The recent creation and sudden conquests of the so-called “Islamic State” have astonished policy-makers, military strategists, and foreign affairs analysts. The self-proclaimed caliphate of Abû al-Baghdâdi went from a broken outfit of Iraqi insurgents to a feared theocracy that currently threatens the established order of the Middle East. One can be forgiven for thinking such a movement as being without precedents.
But there are precedents.
Take the eerily similar story of the Almohads, a fanatical Moroccan sect that rose to power in the twelfth century. Born deep in the Maghrib and led by a self-styled caliph, the Almohads toppled moderate states in North Africa and Southwest Europe in order to impose a puritanical Islamic society. That society bore images frighteningly similar to those seen in present-day Iraq and Syria: crucifixion, enslavement, massacre, and the expulsion of non-Muslims.
The Almohads were followers of a fiery preacher named Mu?ammed ibn Tûmart. Tûmart denounced the corruption of the region’s ruling order and in the 1120s led an insurgency from the Atlas Mountains. The insurgency reached a stalemate by the time of Tûmart’s death in 1139; thereafter, a factional leader named ‘Abd al-Mu’min took control of the insurgency, declared himself caliph, and continued the struggle.[ref]Hugh Kennedy, Muslim Spain and Portugal: A Political History of al-Andalus, (London, Longman, 1996), p.200-1[/ref]
Under their caliph’s stewardship, the Almohad warriors waged a renewed jihâd with great fervor, sweeping across virtually the whole of the Maghreb. Disenfranchised Berber tribes, opportunistic élites, and religious fundamentalists flocked to the Almohad cause, filling Mu’min’s ranks and extending his reach. The young caliphate’s victories caught the attention of Muslim leaders across the Gibraltar Strait, who were in desperate need of aid against the Christian armies of Europe. The caliph was more than happy to take advantage of this opportunity.
The first Almohad warriors landed on European soil in the 1140s, spreading into the Iberian hinterland to eventually seize the great cities of Almería, Córdoba, Sevilla, and València. Within a generation, the Almohads controlled approximately 40 percent of the peninsula.
Much of the Almohads’ success came from a valuable combination of discipline, inspiration, and order. Almohad warriors genuinely believed themselves to be doing God’s work, regardless of how cruel that work might appear.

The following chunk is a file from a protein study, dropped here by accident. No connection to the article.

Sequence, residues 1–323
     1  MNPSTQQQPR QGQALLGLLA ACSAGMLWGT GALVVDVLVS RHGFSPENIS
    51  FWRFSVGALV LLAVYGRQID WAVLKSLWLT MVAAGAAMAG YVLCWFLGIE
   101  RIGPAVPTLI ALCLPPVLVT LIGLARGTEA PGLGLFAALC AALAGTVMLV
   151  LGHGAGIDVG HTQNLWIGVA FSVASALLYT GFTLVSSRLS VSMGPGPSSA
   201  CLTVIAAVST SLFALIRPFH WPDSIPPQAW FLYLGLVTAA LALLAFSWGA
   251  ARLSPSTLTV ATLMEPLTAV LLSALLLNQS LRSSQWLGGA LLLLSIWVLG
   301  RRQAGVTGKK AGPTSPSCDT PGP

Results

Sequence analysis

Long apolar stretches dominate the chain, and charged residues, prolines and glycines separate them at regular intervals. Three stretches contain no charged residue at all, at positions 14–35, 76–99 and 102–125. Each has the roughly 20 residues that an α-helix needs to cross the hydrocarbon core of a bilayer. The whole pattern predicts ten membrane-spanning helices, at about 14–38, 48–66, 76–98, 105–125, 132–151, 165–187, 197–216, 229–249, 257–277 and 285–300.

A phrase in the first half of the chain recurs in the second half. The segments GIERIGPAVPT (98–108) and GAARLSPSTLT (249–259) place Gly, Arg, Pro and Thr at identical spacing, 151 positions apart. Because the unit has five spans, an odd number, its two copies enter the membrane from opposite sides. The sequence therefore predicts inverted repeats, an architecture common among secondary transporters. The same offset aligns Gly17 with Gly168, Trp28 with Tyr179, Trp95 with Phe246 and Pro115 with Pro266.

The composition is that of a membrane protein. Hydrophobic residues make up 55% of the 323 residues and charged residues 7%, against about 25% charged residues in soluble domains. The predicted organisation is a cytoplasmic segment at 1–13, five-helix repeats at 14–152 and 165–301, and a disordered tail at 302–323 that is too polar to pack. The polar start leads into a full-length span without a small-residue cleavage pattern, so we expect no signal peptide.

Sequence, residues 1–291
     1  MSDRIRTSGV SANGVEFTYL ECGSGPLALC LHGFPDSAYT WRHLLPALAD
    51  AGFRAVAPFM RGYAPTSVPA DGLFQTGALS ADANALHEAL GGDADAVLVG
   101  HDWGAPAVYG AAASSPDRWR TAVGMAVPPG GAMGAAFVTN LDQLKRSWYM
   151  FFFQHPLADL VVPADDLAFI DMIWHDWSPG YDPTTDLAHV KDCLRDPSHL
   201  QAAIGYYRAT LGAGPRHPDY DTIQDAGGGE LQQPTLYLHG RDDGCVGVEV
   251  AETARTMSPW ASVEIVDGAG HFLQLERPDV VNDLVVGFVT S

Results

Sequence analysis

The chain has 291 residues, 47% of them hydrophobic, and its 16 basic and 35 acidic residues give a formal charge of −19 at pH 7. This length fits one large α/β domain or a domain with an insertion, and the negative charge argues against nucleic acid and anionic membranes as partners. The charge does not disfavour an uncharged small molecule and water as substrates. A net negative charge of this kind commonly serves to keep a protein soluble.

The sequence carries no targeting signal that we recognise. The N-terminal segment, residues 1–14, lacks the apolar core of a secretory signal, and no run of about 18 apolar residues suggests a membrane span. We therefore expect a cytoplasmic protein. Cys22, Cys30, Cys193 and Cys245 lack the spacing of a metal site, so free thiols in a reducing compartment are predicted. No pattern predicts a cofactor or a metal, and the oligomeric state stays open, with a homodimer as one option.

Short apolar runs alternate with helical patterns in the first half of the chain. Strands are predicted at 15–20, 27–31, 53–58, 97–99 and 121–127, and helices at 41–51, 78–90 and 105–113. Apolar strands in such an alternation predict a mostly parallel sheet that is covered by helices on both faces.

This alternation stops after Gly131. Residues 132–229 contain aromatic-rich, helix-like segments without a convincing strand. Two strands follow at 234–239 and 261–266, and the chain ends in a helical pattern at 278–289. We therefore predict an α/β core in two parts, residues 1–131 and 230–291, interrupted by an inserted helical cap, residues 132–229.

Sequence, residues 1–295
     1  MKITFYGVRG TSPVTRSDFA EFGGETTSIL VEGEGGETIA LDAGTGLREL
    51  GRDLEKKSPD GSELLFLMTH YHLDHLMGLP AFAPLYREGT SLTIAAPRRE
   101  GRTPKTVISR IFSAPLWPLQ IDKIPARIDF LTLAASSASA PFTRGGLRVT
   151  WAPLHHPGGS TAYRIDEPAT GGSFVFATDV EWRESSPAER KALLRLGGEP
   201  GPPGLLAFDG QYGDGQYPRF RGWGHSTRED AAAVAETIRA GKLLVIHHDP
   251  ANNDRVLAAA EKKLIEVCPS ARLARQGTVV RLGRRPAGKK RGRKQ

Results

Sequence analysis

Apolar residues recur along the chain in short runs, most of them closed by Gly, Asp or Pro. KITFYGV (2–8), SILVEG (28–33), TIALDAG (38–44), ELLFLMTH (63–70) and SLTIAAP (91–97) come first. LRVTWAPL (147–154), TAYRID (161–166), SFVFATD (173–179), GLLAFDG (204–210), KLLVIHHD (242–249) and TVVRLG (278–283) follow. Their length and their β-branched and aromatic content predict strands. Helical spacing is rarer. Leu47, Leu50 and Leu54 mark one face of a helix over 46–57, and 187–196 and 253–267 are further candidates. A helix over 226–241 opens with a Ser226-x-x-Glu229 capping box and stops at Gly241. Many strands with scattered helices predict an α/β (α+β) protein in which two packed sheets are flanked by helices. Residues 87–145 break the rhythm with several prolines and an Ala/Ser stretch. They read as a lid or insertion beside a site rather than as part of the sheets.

And cruel it was. The Almohad occupation may have brought security to Southern Iberia, but that security brought with it harsh and intolerant singularity to what had once been a richly multicultural society. “Impious” texts, those that did not conform to strictly Islamic tenets, were stripped from libraries and destroyed. Scholars deemed subversive to the new order were ousted and imprisoned. Dissidents to the theocracy were subject to public crucifixion.[ref]Hugh Kennedy, Muslim Spain and Portugal: A Political History of al-Andalus, (London, Longman, 1996), p.212[/ref] Christians and Jews were given the choice of conversion to the Islamic faith or death.
Unsurprisingly, there was a massive exodus from the Almohad realm. Christians might at least find sanctuary with coreligionists to the north, but Jews faced a more uncertain fate. The resulting persecution saw prominent non-Muslim scholars, most notably Moshe ben Maimon, flee to more tolerant lands in the Eastern Mediterranean. The Almohads succeeded in creating a wholly Islamic order in Southern Iberia, all the while ending a multi-religious and cosmopolitan renaissance.
One of those exiles, the Jewish poet Ezra Ha-Salla?, mourned the end of a cherished era:
I shave my head and weep bitterly for the exile of Seville–
For its nobles are the corpses and their sons captives,
Their elegant daughters handed over to a foreign religion.
How was Córdoba plundered and become like the desolate sea?
There sage and great men died in famine and
Not a Jew besides me is left in Jaén or Almería.
Mallorca and Málaga are without sustenance